NU Football Press Conference, 12.15

New Nebraska offensive coordinator Mark Whipple talks to the media Wednesday during a news conference at Memorial Stadium.

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Mark Whipple is Nebraska's highest-paid assistant coach. 

The new Husker offensive coordinator and quarterbacks coach will make $875,000 in the first year of a two-year deal and $900,000 in the second year, according to a copy of his contract released by the university on Friday morning. The contract runs through Dec. 31, 2023. 

Whipple made $476,000 annually as the offensive coordinator at Pitt. 

His new salary makes him the highest-paid assistant coach in Nebraska history, surpassing the $825,000 former defensive coordinator Bob Diaco made in 2017. 

Current defensive coordinator Erik Chinander made $800,000 in 2021 and could earn a raise that would match or approach Whipple's salary. 

Whipple has been in football for more than 40 years and said earlier in December that he's had an affinity for Nebraska for most of his life. 

“I was a young guy growing up in Arizona and they used to play in the Fiesta Bowl,” Whipple said. “Even when I was coaching and I’d always go back to my parents’ house because I didn’t have any money. We’d take our kids. (Nebraska senior offensive analyst Ron) Brown and I were classmates at Brown, so I’d go over and watch practice when they were in the Fiesta Bowl and there were about 150 kids and trucks all over the place at Scottsdale Community College and everybody had red Nebraska on their antennas and they kind of took over the town. I just was really impressed with the fans. They stayed late. I saw it firsthand. I was at the Nebraska-Arizona State game when Arizona State upset them one year at the Fiesta Bowl.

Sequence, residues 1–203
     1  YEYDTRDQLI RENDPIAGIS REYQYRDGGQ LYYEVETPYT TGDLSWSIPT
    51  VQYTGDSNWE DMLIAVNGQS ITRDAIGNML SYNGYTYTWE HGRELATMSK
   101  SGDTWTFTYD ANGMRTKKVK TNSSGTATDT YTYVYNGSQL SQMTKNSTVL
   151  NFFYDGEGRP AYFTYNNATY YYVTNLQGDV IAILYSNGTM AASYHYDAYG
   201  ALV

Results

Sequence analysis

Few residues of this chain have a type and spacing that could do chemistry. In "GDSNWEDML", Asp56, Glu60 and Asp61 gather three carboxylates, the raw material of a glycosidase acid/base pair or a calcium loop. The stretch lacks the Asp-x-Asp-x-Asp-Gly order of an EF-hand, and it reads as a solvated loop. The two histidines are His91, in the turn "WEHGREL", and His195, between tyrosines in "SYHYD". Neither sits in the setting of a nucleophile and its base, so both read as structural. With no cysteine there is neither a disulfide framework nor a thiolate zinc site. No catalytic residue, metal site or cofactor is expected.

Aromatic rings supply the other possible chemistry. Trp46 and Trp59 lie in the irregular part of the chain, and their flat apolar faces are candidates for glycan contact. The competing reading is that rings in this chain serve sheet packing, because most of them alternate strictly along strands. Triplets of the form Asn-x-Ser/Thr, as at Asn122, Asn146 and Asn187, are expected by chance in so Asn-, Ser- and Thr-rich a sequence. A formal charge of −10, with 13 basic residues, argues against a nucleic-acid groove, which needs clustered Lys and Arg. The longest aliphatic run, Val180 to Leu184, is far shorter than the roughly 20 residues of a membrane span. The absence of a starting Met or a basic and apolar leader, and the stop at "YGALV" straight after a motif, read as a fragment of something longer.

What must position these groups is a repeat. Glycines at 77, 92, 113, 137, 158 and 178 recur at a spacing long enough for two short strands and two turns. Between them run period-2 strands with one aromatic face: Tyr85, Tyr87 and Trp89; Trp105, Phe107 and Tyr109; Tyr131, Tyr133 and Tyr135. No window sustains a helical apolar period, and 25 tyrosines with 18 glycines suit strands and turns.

“I don’t know, I’ve always been a fan of college football and football in general, and to me it’s one of the icons.”

Since his arrival, Whipple has already started to see changes in the Husker quarterback room. Nebraska added Texas transfer Casey Thompson to the mix and is hosting Florida State transfer Chubba Purdy on an official visit this weekend. 

New special teams coordinator Bill Busch is set to make $400,000 annually in his new role. Busch had made $450,000 previously as the safeties coach at LSU and was still being paid by the school in 2021 when he served as a defensive analyst for NU. His deal, like Whipple's, runs through Dec. 31, 2023. 

With Busch and Whipple's contracts on the books, NU's current assistant salary pool stands at $5.1 million with the details of new running backs coach Bryan Applewhite's contract still to be finalized and released. 

Nebraska may also have some raises for defensive staffers, athletic director Trev Alberts confirmed to the Journal Star earlier this week. 

"There will be some slight bumps for some folks, nothing dramatic," Alberts said, adding those adjustments hadn't been finalized yet. "

"I’m all in to try to help Scott," he added. "The market has shifted. I know what’s in his contract for assistant coaches ($5 million pool), but I know what the rest of the Big Ten is spending as well in terms of $7 and $8 million dollars. He’ll probably be north of ($5 million), but remember that he’s also giving up some salary to help. I just tried to be as helpful as I can.

"Investing in areas where there’s a significant return, while there’s always risk, I feel better about than spending a bunch of money in an area where there’s no opportunity for return. … We need to get the right people here."

This story will be updated. 

Contact the writer at pgabriel@journalstar.com or 402-473-7439. On Twitter @HuskerExtraPG.

This article originally ran on journalstar.com.

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